Invasive species are a global problem that cause significant environmental and economic damage. It has been estimated that the cost of invasive species in the United States is at least 120 billion dollars annually. Lonicera maackii, commonly known as Amur honeysuckle, is an invasive shrub found in New York State. In invaded regions, L. maackii has caused decreased species richness of native plant and animal species. It has also negatively affected the native migratory bird populations that eat the plant’s berries. Currently, there is no available genomic sequence for any Lonicera species. With next generation sequencing, new information can be unveiled that can inform control strategies and provide a better understanding of L. maackii as an invasive species. In this study, a genome sequence was assembled for an individual of Lonicera maackii found in Western New York. The assembled genome was annotated using two different methods. Genes found through annotation provide direction for future work on optimum control strategies for the L. maackii invasion.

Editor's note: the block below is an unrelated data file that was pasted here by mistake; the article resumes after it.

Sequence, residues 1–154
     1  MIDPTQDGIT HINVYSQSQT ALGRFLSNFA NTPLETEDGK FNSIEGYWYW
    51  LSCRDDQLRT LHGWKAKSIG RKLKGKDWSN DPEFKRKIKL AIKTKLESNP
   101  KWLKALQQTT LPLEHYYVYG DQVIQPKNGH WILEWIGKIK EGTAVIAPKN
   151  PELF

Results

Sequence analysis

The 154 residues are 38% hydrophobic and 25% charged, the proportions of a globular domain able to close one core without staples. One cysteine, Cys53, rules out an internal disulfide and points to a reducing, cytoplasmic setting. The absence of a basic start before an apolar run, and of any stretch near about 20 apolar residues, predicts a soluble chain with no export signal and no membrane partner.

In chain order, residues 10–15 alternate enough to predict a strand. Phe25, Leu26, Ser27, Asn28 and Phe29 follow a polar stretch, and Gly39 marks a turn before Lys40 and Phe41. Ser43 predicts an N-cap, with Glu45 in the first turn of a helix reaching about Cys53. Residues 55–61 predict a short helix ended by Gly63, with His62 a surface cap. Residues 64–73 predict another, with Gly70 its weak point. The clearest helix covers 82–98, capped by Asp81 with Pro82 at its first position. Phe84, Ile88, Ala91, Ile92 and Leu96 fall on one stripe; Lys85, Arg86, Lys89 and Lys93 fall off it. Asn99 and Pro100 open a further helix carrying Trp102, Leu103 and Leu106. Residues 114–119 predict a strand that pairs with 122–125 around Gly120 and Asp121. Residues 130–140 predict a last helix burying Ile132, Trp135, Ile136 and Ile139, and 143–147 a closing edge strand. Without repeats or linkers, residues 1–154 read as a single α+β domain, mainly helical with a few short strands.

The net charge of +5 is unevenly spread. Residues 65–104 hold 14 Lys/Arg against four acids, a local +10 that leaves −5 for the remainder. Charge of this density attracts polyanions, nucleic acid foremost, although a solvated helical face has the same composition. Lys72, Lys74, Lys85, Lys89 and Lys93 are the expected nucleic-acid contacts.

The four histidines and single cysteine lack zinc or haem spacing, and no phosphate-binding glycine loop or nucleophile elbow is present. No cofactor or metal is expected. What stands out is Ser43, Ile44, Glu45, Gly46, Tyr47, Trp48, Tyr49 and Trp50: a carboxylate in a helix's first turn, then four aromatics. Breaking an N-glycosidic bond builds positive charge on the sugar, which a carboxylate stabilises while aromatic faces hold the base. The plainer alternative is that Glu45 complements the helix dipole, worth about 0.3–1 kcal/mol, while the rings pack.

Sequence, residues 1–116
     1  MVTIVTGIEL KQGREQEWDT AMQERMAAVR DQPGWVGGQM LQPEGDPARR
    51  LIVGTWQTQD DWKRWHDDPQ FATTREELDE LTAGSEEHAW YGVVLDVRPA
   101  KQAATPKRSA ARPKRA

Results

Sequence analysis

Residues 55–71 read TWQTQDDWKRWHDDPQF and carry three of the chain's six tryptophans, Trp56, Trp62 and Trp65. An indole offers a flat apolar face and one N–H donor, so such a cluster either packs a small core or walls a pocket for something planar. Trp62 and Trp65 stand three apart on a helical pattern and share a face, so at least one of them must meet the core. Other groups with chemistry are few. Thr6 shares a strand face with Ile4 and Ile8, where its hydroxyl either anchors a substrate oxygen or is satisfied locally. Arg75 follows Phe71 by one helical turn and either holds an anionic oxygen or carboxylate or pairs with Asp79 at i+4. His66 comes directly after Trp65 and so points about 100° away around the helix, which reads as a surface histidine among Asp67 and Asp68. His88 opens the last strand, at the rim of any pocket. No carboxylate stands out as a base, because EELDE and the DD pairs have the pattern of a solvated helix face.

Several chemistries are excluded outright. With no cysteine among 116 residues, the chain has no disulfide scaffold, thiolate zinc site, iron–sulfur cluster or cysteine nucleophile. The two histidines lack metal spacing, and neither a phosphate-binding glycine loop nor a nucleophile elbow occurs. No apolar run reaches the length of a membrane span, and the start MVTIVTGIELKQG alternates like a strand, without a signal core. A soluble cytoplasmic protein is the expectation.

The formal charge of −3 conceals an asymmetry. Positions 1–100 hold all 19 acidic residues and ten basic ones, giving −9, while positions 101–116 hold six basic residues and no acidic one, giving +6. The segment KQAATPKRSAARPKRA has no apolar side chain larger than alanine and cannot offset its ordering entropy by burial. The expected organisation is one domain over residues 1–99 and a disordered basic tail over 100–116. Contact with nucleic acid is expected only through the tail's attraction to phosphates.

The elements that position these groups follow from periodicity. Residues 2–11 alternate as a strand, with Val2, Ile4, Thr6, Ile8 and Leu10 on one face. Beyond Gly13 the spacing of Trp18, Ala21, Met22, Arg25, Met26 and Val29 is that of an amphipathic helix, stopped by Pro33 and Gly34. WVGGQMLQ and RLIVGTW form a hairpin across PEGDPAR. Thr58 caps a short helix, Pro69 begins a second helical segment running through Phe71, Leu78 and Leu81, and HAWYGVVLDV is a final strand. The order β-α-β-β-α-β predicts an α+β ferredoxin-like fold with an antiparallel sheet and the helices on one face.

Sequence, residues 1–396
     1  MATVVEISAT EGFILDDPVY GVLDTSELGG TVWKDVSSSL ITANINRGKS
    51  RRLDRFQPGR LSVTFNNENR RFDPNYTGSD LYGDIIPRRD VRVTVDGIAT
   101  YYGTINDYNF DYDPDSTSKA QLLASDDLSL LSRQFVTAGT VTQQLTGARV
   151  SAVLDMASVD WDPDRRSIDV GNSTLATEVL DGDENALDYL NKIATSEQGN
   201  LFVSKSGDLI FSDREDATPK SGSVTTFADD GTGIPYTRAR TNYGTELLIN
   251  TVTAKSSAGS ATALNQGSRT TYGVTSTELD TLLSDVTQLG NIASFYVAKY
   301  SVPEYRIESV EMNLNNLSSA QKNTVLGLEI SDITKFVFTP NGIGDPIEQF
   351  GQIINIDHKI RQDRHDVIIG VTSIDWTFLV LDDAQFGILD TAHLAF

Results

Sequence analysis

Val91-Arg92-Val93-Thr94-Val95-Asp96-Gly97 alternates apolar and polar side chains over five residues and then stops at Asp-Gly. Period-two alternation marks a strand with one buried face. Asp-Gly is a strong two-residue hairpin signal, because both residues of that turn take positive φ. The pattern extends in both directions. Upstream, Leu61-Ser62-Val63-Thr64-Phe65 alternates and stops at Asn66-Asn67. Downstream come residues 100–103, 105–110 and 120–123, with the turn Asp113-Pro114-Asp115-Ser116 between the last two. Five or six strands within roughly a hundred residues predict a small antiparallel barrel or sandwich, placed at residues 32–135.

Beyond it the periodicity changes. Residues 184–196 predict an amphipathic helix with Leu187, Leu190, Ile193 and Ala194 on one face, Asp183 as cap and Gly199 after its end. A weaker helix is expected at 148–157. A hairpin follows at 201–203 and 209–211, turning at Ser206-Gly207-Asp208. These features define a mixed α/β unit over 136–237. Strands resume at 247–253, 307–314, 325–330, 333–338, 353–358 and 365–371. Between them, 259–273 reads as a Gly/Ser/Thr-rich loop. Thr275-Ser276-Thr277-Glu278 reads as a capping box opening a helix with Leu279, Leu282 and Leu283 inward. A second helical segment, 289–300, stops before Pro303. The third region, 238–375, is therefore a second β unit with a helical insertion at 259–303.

Library of Congress Subject Headings

Honeysuckles--Genetics; Invasive plants--New York (State); Gene mapping

Publication Date


Document Type


Student Type


Degree Name

Bioinformatics (MS)

Department, Program, or Center

Thomas H. Gosnell School of Life Sciences (COS)


Michael V. Osier

Advisor/Committee Member

Eli J. Borrego

Advisor/Committee Member

Andre O. Hudson


Additional committee member: Susan S. Pagano


RIT – Main Campus

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